founder and CEO very rich
. In 2006, he made just under $142
million. That placed him at #8 in the United States.

On May 8,
2006, the Los Angeles Business Journal ran
a brief story on Mr. Mozilo
. . during a trip to India last month, Mozilo told that nation’s
Economic Times that he has no intention of stepping down
from his job, and that he believes he should be paid well, as should
his employees.

should feel like a part of an organization and reap its rewards,”
he said.

He was forced
to resign last month when Bank of America bought his company when
it was facing bankruptcy. This
saved Mr. Mozilo’s $23.8 million pension and $20 million in deferred

Yes, reaping
rewards is one of the great benefits of efficient production in
a free market economy. But when “efficient production” is defined
in terms of operating with fiat money produced by the Federal Reserve
System, what is “inefficient production” when the FED reverses policy?
What about rewards then? Not too bad if you’re at the top.

Was he caught
flat-footed? Yes. Was he blindsided? No.

In March,
2006, a Las Vegas banker named Doug
French wrote an article
about the coming crash in Las Vegas
real estate. He began his article with this tidbit:
Mortgage CEO Angelo Mozilo believes that the “housing market officially
turned south in January,” according to Banc Investment Daily,
and that some overheated markets may see prices plunge by up to
40 percent. Mozilo mentioned Las Vegas as one of those risky markets.

French went
on to say that nobody in Las Vegas took this warning seriously.

in Countrywide Financial also did not take it seriously. Its stock
price stayed in the $45 range throughout 2006 until February 1,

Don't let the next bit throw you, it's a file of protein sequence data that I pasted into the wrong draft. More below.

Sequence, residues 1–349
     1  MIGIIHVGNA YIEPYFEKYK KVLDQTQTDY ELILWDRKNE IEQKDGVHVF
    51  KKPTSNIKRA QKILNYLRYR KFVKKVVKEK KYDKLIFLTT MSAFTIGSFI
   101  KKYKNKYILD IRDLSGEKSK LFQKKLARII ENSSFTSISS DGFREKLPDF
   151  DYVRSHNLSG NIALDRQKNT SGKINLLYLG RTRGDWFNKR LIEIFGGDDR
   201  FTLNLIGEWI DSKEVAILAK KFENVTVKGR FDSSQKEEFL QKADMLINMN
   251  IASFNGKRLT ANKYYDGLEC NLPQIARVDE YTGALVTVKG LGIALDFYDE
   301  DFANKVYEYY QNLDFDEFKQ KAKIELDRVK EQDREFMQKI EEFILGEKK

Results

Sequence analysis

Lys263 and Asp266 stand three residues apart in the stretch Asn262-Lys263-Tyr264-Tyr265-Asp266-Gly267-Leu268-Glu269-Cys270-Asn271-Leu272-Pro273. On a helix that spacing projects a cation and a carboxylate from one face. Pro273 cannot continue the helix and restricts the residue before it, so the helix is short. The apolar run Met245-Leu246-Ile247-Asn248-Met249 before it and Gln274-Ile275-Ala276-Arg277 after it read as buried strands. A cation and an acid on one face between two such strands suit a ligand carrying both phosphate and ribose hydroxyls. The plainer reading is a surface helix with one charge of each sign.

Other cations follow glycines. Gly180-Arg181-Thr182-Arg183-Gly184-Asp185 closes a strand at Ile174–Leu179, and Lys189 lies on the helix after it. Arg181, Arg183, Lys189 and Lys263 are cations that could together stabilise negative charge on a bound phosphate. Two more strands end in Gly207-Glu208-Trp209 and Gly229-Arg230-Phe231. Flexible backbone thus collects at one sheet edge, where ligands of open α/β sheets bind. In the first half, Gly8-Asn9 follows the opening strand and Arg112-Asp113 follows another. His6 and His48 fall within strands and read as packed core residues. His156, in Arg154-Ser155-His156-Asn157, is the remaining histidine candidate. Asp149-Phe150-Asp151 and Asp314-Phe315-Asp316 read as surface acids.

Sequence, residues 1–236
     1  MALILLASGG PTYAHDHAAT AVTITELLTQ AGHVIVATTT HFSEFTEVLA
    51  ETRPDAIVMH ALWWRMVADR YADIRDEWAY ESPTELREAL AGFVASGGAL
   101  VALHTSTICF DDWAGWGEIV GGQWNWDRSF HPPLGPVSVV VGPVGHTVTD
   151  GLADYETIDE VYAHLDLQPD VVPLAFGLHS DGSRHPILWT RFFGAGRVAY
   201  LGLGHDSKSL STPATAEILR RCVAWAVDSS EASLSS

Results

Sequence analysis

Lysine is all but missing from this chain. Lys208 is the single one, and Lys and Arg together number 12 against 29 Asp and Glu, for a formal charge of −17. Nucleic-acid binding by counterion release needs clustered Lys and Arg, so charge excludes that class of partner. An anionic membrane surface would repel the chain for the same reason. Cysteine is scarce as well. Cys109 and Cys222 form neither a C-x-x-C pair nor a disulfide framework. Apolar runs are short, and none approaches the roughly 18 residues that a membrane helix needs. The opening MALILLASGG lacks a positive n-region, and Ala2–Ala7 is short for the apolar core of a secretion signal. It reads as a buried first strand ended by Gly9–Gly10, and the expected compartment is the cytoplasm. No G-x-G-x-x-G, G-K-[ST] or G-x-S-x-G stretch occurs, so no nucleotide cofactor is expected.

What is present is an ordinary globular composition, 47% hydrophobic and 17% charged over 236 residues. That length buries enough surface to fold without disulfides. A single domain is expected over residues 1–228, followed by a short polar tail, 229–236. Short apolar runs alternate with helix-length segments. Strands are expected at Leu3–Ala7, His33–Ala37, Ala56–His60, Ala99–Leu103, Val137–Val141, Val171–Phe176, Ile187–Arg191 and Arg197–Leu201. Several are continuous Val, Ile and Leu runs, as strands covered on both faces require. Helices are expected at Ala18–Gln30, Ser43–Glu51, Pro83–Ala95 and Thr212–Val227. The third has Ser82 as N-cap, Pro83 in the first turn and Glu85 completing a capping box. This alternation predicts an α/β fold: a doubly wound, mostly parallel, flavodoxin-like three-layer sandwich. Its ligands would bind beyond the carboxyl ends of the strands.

2007. Then it began to fall. It
fell below $5 in January when Bank of America bought the sinking

You have heard
about the severance pay package for Stan O’Neal of Merrill Lynch:
over $160 million. In the fourth quarter of 2007, Merrill lost $14
billion. Then there was Charles Prince of Citigroup. He departed
in November with $94 million in stock holdings. Citigroup lost close
to $10 billion in the fourth quarter.

What is the
lesson for investors here? This: big losers win big. Big winners
win bigger.

What is the
lesson for decision-makers in high places? “Go for broke.” The government
or some bigger fish will bail out your mistakes if the mistakes
are big enough. You will keep your pension. You may even keep your
severance pay, if the contract is in writing.

In a highly
leveraged (debt-driven) economy that operates in terms of the assumption
of “too big to fail,” you can fail big and still win big. Your negative
sanction — getting fired — is more profitable than the
most positive of sanctions facing 99.99% of all corporate decision-makers.

This is the
social price of government-protected enterprise. The more leveraged
it is, the more profitable for those at the top, who make the decisions.


Those investors
who trust the mainstream media the way Enron’s employees trusted
Kenneth Lay find out that their trust was misplaced. But during